Rare & Beautiful

Desert Island Books

Eight rare art and design books to remind you of the beauty of the world beyond your walls while you’re self-isolating.

By Peter Kraus May 5, 2020

When I was growing up, one of my favorite radio programs was Desert Island Discs, broadcast on the BBC, in which celebrities were asked to imagine being stranded on an island, and to choose eight musical recordings, one book (not including the Bible or Shakespeare), and one luxury to have with them in isolation.

In the spirit of the times, I’ve created my own version, which allows for eight books that have passed through my hands, one recording, and one luxury.

The First Six Books of the Elements of Euclid by Oliver Byrne (1847).

I have been truly fortunate to have spent my entire professional life as a bookseller, having started work the day after my eighteenth birthday. Apart from the aesthetic, and almost physical pleasure books have given me, is the fact that through them I have been able to meet the most remarkable people. One of the most appealing aspects of great books is that they do not have to be expensive.

Nuremberg Chronicle (1493).

My clients have ranged from two waiters and an elevator operator to two presidents of the United States, and have included movie stars, athletes, Nobel Prize winners, and even a celebrated individual who was tried and acquitted for murder. The books I’ve selected will help to remind me of some of these people, ideas, and images while I’m on my desert island.

The first book I’ve chosen is a copy of the Nuremberg Chronicle (1493) in superb publisher's color and binding. I first became aware of the world of rare books when I spent time with my cousin Hans Kraus during his visits to England, and from receiving his catalogues. The result was the mistaken belief that this world consisted of illuminated manuscripts and incunables (books printed in the fifteenth century). The Nuremberg Chronicle is probably the most well-known incunable after the Gutenberg Bible, and is not a rare book. However, my copy was one of the few known such copies and I sold it to Jay Walker, a passionate book collector whose vision has created a unique library.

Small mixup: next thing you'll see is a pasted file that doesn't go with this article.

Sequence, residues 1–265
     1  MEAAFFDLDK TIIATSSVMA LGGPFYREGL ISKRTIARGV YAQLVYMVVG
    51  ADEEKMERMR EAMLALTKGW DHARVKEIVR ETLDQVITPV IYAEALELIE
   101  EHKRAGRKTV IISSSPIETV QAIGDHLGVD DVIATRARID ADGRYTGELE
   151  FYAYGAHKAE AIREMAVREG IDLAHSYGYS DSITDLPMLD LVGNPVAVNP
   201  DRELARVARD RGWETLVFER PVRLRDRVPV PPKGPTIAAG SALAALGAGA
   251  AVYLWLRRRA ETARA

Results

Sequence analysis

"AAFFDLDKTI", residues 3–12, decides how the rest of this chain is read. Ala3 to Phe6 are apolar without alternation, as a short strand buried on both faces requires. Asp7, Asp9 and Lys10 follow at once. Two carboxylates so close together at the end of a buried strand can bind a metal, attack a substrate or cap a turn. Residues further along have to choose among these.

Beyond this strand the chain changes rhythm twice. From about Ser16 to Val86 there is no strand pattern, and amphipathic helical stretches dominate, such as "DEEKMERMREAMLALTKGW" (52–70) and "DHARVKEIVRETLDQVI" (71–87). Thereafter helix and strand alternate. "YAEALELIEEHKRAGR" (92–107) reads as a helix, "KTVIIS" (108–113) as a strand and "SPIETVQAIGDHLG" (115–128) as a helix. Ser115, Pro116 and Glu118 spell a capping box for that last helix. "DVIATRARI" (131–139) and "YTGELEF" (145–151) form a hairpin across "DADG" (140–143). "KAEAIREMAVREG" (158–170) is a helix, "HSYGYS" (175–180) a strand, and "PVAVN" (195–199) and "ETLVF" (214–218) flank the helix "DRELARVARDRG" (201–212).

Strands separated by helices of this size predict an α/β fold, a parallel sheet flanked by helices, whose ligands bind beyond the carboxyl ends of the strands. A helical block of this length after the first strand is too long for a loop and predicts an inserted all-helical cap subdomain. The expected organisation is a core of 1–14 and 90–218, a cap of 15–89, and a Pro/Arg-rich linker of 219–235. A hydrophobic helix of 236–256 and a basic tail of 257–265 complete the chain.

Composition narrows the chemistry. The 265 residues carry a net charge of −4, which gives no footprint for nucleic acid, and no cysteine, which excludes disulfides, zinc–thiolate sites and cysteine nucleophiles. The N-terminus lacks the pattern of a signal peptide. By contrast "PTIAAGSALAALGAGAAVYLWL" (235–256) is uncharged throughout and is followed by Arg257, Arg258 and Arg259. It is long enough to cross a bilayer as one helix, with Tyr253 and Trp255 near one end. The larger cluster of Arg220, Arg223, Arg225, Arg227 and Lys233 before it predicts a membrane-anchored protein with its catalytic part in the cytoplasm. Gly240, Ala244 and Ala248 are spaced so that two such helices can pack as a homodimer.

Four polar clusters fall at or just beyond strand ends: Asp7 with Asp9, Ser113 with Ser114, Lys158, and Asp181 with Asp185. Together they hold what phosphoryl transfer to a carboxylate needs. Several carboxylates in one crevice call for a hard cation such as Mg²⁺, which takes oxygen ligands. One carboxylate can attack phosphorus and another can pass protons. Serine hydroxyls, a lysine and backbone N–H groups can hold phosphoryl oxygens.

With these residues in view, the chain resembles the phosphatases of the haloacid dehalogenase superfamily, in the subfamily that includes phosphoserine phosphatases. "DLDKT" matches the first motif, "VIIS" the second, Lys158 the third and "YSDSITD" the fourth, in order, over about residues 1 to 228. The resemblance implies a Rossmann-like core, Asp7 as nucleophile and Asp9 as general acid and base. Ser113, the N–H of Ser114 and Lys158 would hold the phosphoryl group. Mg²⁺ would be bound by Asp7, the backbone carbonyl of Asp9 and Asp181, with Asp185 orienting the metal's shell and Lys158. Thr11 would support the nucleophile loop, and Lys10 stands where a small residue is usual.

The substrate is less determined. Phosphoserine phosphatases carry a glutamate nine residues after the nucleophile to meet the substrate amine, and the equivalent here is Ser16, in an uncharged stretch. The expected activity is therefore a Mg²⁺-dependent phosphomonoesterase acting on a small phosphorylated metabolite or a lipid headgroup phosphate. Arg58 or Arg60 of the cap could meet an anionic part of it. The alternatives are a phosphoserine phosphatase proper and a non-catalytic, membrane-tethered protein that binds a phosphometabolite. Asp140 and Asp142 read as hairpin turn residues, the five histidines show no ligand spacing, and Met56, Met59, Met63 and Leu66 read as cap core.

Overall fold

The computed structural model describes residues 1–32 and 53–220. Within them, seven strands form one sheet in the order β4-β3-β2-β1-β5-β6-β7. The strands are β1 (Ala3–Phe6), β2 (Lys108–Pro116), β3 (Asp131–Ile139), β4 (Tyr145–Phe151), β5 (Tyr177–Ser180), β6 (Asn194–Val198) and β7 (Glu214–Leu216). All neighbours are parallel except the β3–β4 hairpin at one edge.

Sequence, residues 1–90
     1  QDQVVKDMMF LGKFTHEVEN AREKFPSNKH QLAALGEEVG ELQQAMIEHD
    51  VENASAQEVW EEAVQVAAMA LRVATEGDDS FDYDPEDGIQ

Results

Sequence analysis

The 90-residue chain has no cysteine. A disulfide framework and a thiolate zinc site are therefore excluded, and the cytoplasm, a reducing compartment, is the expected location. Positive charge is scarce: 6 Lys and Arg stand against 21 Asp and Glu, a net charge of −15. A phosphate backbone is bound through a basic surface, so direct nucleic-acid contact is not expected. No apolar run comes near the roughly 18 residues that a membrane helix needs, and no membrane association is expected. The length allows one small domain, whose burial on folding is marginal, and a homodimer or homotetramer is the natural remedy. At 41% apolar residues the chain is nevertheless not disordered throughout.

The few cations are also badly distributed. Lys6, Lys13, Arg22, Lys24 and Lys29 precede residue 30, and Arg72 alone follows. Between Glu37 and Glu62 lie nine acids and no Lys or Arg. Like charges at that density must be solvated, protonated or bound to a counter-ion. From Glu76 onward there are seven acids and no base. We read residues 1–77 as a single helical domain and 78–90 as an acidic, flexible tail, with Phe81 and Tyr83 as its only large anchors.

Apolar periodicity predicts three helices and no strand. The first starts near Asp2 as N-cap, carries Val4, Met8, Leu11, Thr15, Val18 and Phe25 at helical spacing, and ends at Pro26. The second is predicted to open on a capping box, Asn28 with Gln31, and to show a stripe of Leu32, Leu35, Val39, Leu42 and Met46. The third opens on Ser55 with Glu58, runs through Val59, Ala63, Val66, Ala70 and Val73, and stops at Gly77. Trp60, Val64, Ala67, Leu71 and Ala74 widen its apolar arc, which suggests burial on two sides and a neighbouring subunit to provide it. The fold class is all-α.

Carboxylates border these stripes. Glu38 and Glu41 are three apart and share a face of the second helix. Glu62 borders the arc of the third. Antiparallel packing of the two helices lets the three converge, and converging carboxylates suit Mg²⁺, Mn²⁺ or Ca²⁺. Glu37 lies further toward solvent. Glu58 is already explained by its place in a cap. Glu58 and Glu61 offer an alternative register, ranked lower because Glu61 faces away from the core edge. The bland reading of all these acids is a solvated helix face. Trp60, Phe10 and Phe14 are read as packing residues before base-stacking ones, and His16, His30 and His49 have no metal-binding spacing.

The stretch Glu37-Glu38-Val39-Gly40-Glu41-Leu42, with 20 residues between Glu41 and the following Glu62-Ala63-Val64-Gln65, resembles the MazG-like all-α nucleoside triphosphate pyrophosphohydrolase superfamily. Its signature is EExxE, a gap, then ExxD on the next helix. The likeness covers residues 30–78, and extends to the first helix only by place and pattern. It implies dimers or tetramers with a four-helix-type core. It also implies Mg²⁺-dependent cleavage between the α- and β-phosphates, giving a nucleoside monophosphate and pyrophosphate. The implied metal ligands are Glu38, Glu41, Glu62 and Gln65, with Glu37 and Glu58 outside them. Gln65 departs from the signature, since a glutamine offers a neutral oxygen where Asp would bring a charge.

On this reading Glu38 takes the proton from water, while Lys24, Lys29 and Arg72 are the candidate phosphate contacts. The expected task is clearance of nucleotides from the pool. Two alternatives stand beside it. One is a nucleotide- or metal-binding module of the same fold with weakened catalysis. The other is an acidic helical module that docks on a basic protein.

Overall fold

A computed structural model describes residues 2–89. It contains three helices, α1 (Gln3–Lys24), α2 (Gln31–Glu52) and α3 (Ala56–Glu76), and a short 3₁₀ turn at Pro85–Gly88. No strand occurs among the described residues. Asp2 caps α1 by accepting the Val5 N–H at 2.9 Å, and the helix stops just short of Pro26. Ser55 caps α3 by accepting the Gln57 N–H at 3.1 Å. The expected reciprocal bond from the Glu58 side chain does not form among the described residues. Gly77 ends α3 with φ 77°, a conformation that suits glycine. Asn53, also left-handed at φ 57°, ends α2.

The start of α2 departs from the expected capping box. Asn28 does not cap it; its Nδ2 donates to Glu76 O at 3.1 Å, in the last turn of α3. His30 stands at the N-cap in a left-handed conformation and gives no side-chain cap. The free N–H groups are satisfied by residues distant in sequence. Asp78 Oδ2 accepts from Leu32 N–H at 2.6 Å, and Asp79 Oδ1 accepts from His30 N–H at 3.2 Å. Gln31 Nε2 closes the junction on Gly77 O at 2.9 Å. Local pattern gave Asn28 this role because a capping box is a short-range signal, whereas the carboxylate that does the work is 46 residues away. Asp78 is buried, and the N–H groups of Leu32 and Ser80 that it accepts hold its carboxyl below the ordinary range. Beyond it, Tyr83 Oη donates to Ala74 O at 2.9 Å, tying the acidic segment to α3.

Hortus Eystettensis by Basilius Besler (1613).

Book number two will remind me of the wonders of nature. It consists of the Spring and Autumn sections from the Hortus Eystettensis by Basilius Besler (1613). The copy I am thinking of is dedicated to the Bishop of Eichstätt, whose garden the book records, in splendid original color. The Winter and Summer sections belong to the library at Uppsala University. I was asked to sell this incredible book, usually considered the greatest of all flower catalogues, by my friend the distinguished bookseller Rick Watson. Alas, I failed to find a buyer, but having custody, even briefly, of this treasure was one of the highlights of my bookselling career.

Number three is a set of the twelve-volume Blaeu Atlas Maior (1662–72) in the publisher’s binding, containing almost 600 maps in original color. While marooned this will help me see the world as it was in the seventeenth century. In 1986,

Blaeu Atlas Maior (1662–72).

I was able to purchase the contents of the venerable Dutch bookshop of Meijer Elte in The Hague. Among the many treasures on the shelves was a set of the Blaeu Atlas, which I then owned jointly with Nico Israel, who had been the partner of the shop’s then-owner, Max Elte. Nico ended up selling it, however, so I am not aware of who the buyer was.

Number four is Jacques Gamelin’s Nouveau Recueil d’Ostéologie et de Myologie (A new collection of bones and muscles) (1779)—one of the greatest and rarest of all anatomy books. Although I have never dealt in medical books per se, I have handled many of the books dealing with anatomy because they seem to attract artists, and often combine a degree of hyperrealism with a sense of the surreal, as is the case with Gamelin. I would like to think that the plate of the skeleton reading symbolizes the triumph of the book over life. The book is a great rarity and I am lucky enough to have had two copies, the first going to an American collector of scientific and medical books, and the second to the brilliant German collector Reiner Speck, whose collections of art and books are legendary.

Nouveau Recueil d’Ostéologie et de Myologie (A new collection of bones and muscles) by Jacques Gamelin (1779).